What are panic attacks?

Panic attacks are sudden periods of intense fear or extreme anxiety. They occur when the “fright, fight or flight” response is triggered, although there is no sign of danger.

The “fright, fight or flight” response is a survival system that your body uses – it means that when your brain thinks it’s in danger, your body gets ready to fight or run away.

If you’re experiencing a panic attack, the body will react like you are in a dangerous situation even though you’re not.

How common are panic attacks?

Panic attacks can happen without any warning. The attack could last for a few minutes or up to half an hour. After the attack, it might take some time to start to feel ok again.

It’s not unusual to experience a panic attack – one in five people will have at least one in their lifetime. After experiencing one panic attack,it’s also normal to worry about having another.

You might even start avoiding situations or activities that you think might trigger an attack, like lecture halls, shopping centres, public transport, airplanes, lifts or being alone.

If you notice that you’re doing that, it might be a good idea to consider talking to someone about how you’re feeling, and getting some support to manage it. Check out face-to-face help.

What are the effects of panic attacks?

The effects of the attack vary from person to person. Some effects may include:

  • sweating
  • feeling short of breath, like you can’t get enough air
  • pounding heart
  • chest pains
  • feeling unsteady
  • feeling like you’re choking
  • dry mouth
  • hot or cold flushes
  • tingling
  • feeling faint
  • trembling
  • nausea or diarrhoea
  • feeling like you’re losing control or you can’t escape.

What causes the attack?

The causes of panic attacks are still being researched. However, there is evidence that different types of stress such as ongoing stress or a one-off stressful event is associated with panic attacks. The stress alters the chemicals in your body that influence the fight or flight response.

There are some illnesses such as diabetes, asthma, or inner ear complaints that have similar symptoms to panic attacks so it is a good idea to check with your doctor to see if the symptoms are due to the illness.

Depression, anxiety and Obsessive Compulsive Disorder (OCD) have also been associated with panic attacks.

How can I manage a panic attack?

Self-talkremind yourself that this is only an uncomfortable feeling and it will pass. To help it do so, try and distract yourself by thinking about something different, like counting backwards in threes from 100 or sing the lines of your favourite song. See if you can concentrate on your breathing, focusing your attention on something else.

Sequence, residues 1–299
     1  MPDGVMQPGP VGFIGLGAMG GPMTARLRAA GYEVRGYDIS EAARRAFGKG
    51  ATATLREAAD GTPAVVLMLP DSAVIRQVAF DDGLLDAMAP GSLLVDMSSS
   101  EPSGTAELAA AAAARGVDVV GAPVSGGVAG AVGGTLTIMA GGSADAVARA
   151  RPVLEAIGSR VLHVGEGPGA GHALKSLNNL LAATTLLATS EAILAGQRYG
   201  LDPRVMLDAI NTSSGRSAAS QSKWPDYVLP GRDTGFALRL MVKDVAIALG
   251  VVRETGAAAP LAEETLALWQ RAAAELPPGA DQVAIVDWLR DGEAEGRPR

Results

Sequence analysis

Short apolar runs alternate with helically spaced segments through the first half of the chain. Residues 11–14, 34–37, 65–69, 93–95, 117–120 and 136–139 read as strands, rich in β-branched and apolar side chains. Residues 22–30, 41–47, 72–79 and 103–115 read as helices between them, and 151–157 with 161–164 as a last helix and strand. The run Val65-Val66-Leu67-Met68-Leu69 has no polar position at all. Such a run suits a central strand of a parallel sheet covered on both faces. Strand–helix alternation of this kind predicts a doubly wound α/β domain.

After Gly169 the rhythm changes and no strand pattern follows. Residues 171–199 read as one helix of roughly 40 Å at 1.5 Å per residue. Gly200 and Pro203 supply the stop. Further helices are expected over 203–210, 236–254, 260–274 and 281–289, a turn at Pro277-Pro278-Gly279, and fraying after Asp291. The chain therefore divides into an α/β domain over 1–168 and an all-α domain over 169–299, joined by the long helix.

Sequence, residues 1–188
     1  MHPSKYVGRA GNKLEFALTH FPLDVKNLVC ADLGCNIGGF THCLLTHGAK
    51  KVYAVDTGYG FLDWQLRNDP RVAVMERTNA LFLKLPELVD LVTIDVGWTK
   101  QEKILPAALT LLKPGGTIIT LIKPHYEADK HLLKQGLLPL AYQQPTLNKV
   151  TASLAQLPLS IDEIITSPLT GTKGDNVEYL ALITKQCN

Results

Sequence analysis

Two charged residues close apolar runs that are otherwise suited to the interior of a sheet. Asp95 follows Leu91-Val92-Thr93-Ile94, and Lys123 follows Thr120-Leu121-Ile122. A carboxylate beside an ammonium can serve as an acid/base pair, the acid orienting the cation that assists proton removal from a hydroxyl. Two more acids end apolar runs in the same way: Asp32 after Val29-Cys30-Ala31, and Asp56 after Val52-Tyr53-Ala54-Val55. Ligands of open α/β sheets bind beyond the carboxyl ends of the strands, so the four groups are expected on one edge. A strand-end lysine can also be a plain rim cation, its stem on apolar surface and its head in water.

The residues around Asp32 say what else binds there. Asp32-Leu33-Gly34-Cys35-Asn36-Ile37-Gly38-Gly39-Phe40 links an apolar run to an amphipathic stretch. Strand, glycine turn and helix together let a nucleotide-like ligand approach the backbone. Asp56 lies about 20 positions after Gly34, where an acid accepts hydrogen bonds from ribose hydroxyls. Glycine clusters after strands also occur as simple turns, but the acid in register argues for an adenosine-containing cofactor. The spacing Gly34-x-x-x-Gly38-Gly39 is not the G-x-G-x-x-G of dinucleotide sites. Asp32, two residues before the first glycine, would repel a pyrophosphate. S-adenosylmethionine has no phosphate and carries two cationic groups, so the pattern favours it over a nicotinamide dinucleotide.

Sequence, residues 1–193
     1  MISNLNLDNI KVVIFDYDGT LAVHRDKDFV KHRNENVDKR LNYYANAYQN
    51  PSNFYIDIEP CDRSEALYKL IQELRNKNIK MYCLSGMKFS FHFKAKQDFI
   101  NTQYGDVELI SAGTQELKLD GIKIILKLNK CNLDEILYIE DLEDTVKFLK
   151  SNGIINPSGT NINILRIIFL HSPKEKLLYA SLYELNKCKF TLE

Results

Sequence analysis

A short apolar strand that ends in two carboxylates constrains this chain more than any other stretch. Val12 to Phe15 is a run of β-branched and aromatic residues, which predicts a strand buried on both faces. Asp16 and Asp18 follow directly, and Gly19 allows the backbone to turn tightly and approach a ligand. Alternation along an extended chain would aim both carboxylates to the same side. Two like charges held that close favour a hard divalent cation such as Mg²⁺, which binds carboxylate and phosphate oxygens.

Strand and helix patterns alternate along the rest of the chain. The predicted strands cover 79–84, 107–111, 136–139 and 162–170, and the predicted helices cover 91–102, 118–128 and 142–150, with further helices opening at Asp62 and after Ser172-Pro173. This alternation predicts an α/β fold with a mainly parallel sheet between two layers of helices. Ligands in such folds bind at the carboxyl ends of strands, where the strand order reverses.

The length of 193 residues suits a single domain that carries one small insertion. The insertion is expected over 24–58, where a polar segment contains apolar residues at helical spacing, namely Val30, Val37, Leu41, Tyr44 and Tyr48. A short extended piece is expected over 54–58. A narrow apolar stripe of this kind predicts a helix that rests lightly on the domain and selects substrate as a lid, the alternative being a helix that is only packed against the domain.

Diet– be aware that stimulants, like coffee, coke, anything else with caffeine in it (for example, energy drinks), drugs, alcohol, and smoking can all act as triggers for a panic attack.

Exercise – when you start panicking, a lot of hormones, like adrenaline, start pumping. They keep you feeling panicky. A way to help get rid of those hormones is to exercise, especially doing something that raises your heart rate. Regular exercise uses up naturally produced adrenaline and so can help lessen panic attacks.

Relax – relaxation techniques can be really effective. If you’re having a lot of panic attacks, it can help to get a relaxation CD. Listen to it for however long you like, every day. This can help to reduce your overall stress.Other forms of relaxation are also useful, such as yoga, Tai Chi, pilates, meditation, swimming and even going for a walk.

Breathing – try to practise some slow, controlled breathing while you’re not having an attack and when you get good at it, try to use it while panicking to slow your breathing down:

  • hold your breath and count to ten, then breathe out
  • breathe in through your nose for the count of three, then out through your mouth for the count of three – continue this for one minute
  • hold your breath again for the count of ten
  • do this for about 20 minutes a day (and you could break it up, like doing four five-minute sessions), and any time you’re feeling panicky

Find help – if you are having a lot of attacks, or if they are getting in the way of your life, it’s possible you are suffering from a panic disorder. It can help to see a psychologist, especially one that specialises in anxiety disorders. Check out face-to-face help for loads of information on the different types of help available, how it works and how to get it.

Cognitive behavioural therapy, and in some cases medication, can both help ease panic attacks. Panic attacks can be frightening experiences, but if dealt with properly, can be overcome. The important thing is that you look after yourself and seek help to avoid future panic attacks.

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